13 Tunbridge Wells Hotels and Guest Houses
Single from: £55.00
Double from: £85.00
per room per night
The city of Tunbridge Wells, in the picturesque English county of Kent, is one of the prime examples of a quintessentially English city. Tunbridge Wells has had many ups and downs throughout its existence and its placement in the middle of England has been the reason for its waxing and waning fortune. In other words, many of Tunbridge Wells' streaks and slumps were directly affected in one way or another with England's changing fortunes and so Tunbridge Wells can be seen as one of the most archetypical and symbolic cities in all of England. It is certainly one of the oldest, at least, and it seems that farming and mining in small scales has occurred here as early as the Iron Age and perhaps even before that. Anybody familiar with Tunbridge Wells knows that there is a lot of sandstone and many interesting rock formations and as such the city has always attracted people who want to look deeper into the city's foundations for riches.
It was as early as the 1600s, though, that Tunbridge Wells became the town we know and love and sure enough even then it was at the mercy of the swinging tastes of English whim. A courtier to the king was wandering around Tunbridge Wells when he stumbled upon a spring. He tasted the water from it and decreed that it had mystical healing properties that immediately invigorated and refreshed his mind, body, and soul. The man told nearly all of his rich socialite London friends about the magical spring and in no time the city became one of the first in a series of "spa towns" that would become the major trend for rich people who wanted to part with their money. People as high up as the Queen of England would visit the spa in Tunbridge Wells and it became so popular that bath houses for both men and women were erected around the site.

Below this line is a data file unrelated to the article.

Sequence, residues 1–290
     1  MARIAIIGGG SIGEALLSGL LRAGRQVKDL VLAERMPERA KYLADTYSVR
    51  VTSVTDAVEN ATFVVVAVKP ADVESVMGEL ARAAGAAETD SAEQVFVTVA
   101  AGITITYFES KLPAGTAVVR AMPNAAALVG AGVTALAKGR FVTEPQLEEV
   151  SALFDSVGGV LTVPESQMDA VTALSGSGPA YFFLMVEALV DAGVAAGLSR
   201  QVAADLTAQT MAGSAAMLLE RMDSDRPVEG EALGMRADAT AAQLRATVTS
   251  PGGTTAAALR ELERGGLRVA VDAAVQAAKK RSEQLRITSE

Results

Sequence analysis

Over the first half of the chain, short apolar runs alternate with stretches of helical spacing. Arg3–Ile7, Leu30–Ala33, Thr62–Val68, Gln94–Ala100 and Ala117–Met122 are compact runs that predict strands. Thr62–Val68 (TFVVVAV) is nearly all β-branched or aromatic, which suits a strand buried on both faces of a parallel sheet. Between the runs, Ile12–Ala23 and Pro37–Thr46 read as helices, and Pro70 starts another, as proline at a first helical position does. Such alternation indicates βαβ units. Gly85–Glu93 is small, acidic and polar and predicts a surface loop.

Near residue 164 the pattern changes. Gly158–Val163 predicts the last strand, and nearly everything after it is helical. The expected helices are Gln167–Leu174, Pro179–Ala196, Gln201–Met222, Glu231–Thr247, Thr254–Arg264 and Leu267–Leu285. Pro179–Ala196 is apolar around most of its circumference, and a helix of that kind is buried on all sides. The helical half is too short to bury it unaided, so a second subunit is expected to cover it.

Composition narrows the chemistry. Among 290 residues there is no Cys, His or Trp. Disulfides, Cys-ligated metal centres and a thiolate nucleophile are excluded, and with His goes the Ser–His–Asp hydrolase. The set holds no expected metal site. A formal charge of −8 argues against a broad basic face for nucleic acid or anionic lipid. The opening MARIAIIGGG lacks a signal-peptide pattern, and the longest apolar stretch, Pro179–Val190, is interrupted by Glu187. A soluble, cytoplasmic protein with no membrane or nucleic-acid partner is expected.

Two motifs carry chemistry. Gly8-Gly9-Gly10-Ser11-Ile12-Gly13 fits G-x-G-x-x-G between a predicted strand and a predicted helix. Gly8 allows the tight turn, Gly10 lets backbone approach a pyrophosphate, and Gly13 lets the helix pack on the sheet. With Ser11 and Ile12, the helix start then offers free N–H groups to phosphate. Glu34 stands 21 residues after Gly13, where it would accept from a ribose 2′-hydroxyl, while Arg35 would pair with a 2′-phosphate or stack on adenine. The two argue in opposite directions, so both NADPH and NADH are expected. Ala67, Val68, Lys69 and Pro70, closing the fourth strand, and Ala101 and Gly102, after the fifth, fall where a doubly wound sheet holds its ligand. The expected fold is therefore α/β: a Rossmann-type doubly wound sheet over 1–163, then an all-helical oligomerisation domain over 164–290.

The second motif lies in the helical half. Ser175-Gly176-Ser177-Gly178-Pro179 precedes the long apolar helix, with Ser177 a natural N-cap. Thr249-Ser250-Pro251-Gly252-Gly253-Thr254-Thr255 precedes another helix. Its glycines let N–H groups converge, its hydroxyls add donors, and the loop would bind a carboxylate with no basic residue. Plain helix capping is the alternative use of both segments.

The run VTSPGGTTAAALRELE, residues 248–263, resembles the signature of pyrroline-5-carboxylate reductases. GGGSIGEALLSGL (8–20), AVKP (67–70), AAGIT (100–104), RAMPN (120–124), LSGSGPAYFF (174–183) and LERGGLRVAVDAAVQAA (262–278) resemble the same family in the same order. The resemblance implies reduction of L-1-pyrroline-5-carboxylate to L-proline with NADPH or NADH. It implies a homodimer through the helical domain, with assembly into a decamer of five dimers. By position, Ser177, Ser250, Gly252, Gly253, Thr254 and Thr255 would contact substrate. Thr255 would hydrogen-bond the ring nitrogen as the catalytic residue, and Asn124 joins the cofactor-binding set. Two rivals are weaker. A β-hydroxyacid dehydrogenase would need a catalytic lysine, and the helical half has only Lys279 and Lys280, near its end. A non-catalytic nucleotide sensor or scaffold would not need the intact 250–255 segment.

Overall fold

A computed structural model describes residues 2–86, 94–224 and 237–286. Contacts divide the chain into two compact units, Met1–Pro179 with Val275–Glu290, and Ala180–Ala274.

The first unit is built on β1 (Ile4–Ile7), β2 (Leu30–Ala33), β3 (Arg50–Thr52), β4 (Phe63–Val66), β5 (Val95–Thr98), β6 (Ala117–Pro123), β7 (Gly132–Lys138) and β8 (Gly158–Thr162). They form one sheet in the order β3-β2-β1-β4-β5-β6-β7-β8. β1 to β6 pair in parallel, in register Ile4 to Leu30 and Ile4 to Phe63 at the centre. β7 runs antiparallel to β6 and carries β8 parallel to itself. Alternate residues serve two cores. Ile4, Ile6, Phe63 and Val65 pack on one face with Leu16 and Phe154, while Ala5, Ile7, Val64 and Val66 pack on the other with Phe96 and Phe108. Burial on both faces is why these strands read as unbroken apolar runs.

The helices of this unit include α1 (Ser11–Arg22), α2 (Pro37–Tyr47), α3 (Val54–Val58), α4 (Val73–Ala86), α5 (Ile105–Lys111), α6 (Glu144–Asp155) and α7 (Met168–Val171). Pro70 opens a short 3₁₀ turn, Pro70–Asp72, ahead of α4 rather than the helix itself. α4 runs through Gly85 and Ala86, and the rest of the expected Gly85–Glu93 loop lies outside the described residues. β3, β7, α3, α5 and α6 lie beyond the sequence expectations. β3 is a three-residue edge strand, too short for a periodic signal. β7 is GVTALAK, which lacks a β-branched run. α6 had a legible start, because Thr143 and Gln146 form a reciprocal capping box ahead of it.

The boom in spa towns allowed Tunbridge Wells to grow in prosperity and many beautiful buildings began to fill the city during the 1600s and 1700s. Unfortunately, the tastes of English nobility were about to change by the middle of the eighteenth century. Around this time people began to espouse the healing virtues of not freshwater springs but sea water. This caused a second influx of prosperity and popularity throughout many of England's most famous coastal towns. Tourist getaways like Blackpool may not have even existed had it not been for the many trend-followers that boosted the economy of these ocean towns but of course Tunbridge Wells wouldn't benefit from any of this as the city saw its spa fortunes decrease. Fortunately the city managed to shed its old reputation quickly and began to rise in prominence again in the 1800s where it would become a relatively well-to-do city until the two World Wars that would later change its fortunes again for the worse. In many ways Tunbridge Wells is a microcosm of the history of English fancies and tragedies and for that reason the city is worthy of the highest esteem whether or not its spring ever did in fact heal anybody.
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